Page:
A fundamental trait of crypto is as an asset class that transcends jurisdictions. Yet, one of the key hubs driving adoption and innovation is Asia. Since the heady days of Korea’s Kimchi premium and Bitcoin (BTC) arbitrage opportunities, the region is playing a role in defining crypto’s development pathways and anchoring its future.
According to Chainanalysis’ report, in the first half of 2021, Asia was already the destination for 28% of the overall global transaction volume — $1.16 trillion worth of cryptocurrency. Central and Southern Asia alone saw crypto transactions grow 706% year-over-year, making it the world’s third-fastest growing region.
Last year, headlines from Asia were dominated by developments in China. However, the rest of the region was also abuzz, boosted by the halo of perceived legitimacy with regulatory clarity in Singapore around digital assets. The pace of decentralized finance (DeFi) innovation in Southeast Asia was buoyed with a step-up in fundraising and investment in projects. As investors become more comfortable and confident in DeFi’s yield opportunities, institutional adoption is well-poised to continue on its growth trajectory in 2022.
A new chapter, without China
China’s stance on crypto is not unexpected, given the country’s long-standing policy of capital control. While the pace of recent enforcement took many in our industry by surprise, players have — to their credit — adapted swiftly. Miners resettled in Kazakhstan and the United States, with exchanges and traders settling in Singapore and Hong Kong.
As a decentralized asset, crypto’s development and innovation are not limited to any single jurisdiction. Investment capital and talent flow to wherever there is a fostering environment, so countries with a welcoming regulatory framework that encourages innovation, coupled with progressive immigration policies, will be big beneficiaries.
Singapore, already a global financial service and wealth management hub, is a clear frontrunner — crypto has been regulated since 2019 under new legislation. With that said, a high bar has certainly been set, with many players reportedly struggling to meet the stringent requirements of the Monetary Authority of Singapore.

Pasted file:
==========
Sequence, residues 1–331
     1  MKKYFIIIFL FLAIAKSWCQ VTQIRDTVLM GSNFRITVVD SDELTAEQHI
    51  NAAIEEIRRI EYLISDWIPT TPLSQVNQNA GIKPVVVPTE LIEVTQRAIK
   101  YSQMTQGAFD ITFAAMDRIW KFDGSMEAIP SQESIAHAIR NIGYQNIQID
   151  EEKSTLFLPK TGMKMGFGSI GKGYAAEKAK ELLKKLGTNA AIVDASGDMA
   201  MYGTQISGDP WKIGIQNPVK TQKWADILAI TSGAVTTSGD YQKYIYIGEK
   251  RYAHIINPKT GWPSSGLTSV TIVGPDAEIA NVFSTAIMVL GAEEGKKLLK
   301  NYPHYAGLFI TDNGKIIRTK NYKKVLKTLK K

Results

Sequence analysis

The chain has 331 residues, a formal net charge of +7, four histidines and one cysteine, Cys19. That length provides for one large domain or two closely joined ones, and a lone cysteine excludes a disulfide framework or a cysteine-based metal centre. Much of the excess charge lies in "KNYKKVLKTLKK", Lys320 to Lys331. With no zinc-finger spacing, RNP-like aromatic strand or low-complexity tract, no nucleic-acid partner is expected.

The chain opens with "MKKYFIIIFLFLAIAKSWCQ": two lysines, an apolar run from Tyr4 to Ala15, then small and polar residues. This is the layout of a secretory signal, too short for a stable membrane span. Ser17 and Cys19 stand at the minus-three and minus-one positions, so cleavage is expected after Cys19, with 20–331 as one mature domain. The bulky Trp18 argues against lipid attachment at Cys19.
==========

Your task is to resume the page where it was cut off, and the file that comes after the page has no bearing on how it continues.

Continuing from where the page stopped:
While this might have dampened some initial optimism around Singapore’s crypto-friendliness, the city-state is still a leader when it comes to a progressive regulatory framework, underpinned by a pro-business environment with a low corporate tax rate, robust infrastructure and political stability.
Asia’s other crypto rising stars
Outside of Singapore, Thailand has been buzzing with active participation from crypto startups and traditional financial institutions alike. Thailand’s fourth-largest bank — Kasikornbank — started experimenting with DeFi, on top of introducing recently its own nonfungible token (NFT) marketplace. The country’s oldest lender Siam Commercial Bank has also entered the game, having acquired a majority stake in Thailand’s largest digital asset exchange Bitkub. Meanwhile, the state-owned Tourism Authority of Thailand is exploring utility tokens, part of a payment ecosystem that negates the need for cash-based transactions.
With interest in digital assets expected to heighten in the next few years, the country’s central bank has planned to introduce more comprehensive rules around this asset class in early 2022. Players who seek to enter this market would do well to keep a close watch on the Bank of Thailand’s (BOT) consultation paper that’s coming out this year, which seeks consensus on certain restrictions around crypto business activities. Similar to the Singapore government’s stance, the BOT aims to mitigate systemic risks without stifling development and innovation.